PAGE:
"High Achievement always takes place in the framework of high expectation." - Charles Kettering

Thursday, July 25, 2013

School board meeting: It's a matter of choosing your battles

I went to my first board meeting in three months last night. Some changes were obvious (Mr. Braunschweig is Ms. Skinner's replacement) and some things remained stubbornly the same. Despite the very different board composition, one thing remained the same. The preliminary budget was approved with no public discussion whatsoever. Kudos to Ms. Treuden for noting that there were questions from the public (me), which she noted and answered for the board. The lack of board conversation regarding the budget is extremely depressing. I even took one of them to task for not even discussing the budget and his response was, "It's a matter of choosing your battles." That is very true, but there was no evidence that there were any battles going on at all. Mason's primary concern had to do with whether or not certain budgetary changes on which they voted last night were included in the budget, not whether or not those changes were logical. Nobody else said anything about the budget, except that they thought that the Middle School Music position should go from .5 to 1.0, not the .83 proposed by the administration. Good grief. Sometimes they seem just a little ornery. The administration spent a lot of time and anguish rationalizing the increase in vocal music at the middle school and the board wants to become suddenly magnanimous and give them .17 of an FTE so they can attract more candidates? Jesus wept, if she's not engaged for an entire FTE she shouldn't be paid for it. Don't get me started on how taxpayers fund private and semi-private lessons for music students in our district, and if I am to believe what I hear, in districts all over Wisconsin as well.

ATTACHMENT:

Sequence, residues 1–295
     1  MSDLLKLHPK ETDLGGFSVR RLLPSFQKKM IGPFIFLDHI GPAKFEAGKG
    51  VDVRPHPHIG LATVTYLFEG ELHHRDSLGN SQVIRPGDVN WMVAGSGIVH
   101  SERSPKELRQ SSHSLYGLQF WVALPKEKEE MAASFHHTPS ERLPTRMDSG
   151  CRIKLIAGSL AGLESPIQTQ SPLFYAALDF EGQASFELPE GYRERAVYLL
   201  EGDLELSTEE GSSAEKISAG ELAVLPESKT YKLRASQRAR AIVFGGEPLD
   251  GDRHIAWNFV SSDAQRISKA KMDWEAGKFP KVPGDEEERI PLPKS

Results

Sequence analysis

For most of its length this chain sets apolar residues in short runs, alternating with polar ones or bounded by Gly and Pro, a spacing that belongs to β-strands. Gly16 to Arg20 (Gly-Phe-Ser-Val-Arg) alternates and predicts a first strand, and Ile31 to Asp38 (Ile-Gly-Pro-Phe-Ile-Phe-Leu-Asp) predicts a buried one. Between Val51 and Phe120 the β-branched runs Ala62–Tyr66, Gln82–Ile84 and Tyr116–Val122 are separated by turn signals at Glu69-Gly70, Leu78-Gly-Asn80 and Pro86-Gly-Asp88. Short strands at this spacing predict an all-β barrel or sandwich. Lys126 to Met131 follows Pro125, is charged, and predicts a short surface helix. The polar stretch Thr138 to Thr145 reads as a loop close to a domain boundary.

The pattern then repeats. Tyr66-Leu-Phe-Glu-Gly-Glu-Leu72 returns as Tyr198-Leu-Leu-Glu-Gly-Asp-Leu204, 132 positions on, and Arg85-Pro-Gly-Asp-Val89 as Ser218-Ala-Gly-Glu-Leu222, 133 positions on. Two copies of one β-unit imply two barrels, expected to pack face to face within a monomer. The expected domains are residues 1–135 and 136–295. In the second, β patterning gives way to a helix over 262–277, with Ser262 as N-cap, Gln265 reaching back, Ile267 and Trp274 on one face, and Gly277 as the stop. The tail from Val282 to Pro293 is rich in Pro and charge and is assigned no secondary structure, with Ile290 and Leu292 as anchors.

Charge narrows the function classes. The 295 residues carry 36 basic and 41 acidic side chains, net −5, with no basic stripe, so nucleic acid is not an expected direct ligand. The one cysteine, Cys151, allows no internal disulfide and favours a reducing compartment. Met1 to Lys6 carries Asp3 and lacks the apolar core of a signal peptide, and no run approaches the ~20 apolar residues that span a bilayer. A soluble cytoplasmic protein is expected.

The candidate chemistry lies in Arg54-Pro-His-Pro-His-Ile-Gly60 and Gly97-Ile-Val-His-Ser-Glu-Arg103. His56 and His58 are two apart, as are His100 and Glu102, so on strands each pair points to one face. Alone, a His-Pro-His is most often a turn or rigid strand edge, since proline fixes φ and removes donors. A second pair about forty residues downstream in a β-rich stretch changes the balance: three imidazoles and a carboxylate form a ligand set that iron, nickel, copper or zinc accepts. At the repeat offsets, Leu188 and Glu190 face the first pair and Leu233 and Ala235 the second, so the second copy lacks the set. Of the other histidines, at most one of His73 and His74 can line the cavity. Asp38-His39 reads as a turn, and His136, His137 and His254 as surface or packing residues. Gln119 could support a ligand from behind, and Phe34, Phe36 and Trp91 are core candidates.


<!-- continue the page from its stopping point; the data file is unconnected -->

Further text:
There were three comments I had after spending four hours reading and digesting the board packet. The first observation I made regarded the tardiness with which the packet link was activated on the school website. It was not posted until yesterday morning before the meeting last night. I know it was not posted as of 4 PM Tuesday afternoon.  Giving the public less than a day to digest and ask questions regarding the packet is inexcusable. I think it should be given to the board members on Friday and available to the public on Monday. That way, the board has the weekend to read and prepare for citizen questions Monday and they can have plenty of time to have their questions answered before the board meeting. However, this shouldn't take place of a public discussion regarding these questions. The voters have the right to know how the board processed the information and what the reasoning is behind various decisions. I was told that the district "does its best" to post the packet in a timely fashion. Its best is not and has never been good enough in this area.